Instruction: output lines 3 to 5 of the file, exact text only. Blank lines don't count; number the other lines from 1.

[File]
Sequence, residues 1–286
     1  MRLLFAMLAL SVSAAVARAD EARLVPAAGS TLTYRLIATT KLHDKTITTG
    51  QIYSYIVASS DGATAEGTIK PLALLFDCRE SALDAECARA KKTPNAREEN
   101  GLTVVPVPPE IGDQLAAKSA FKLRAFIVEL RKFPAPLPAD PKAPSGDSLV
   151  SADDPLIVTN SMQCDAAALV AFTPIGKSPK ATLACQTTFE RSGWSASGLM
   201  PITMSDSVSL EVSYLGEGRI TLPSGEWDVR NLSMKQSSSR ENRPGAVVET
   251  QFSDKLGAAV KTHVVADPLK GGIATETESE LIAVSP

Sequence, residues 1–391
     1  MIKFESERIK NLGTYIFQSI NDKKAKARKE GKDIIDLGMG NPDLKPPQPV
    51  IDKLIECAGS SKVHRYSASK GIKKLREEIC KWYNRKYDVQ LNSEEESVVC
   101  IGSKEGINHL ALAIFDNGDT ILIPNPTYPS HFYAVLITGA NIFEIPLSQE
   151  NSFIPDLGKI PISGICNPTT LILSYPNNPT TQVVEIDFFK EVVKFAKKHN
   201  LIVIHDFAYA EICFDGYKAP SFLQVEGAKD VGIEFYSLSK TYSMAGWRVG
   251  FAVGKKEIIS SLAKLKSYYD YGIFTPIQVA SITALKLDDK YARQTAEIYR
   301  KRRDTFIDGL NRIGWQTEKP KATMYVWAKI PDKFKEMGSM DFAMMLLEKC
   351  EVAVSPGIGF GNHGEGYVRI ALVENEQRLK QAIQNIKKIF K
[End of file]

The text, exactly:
    51  QIYSYIVASS DGATAEGTIK PLALLFDCRE SALDAECARA KKTPNAREEN
   101  GLTVVPVPPE IGDQLAAKSA FKLRAFIVEL RKFPAPLPAD PKAPSGDSLV
   151  SADDPLIVTN SMQCDAAALV AFTPIGKSPK ATLACQTTFE RSGWSASGLM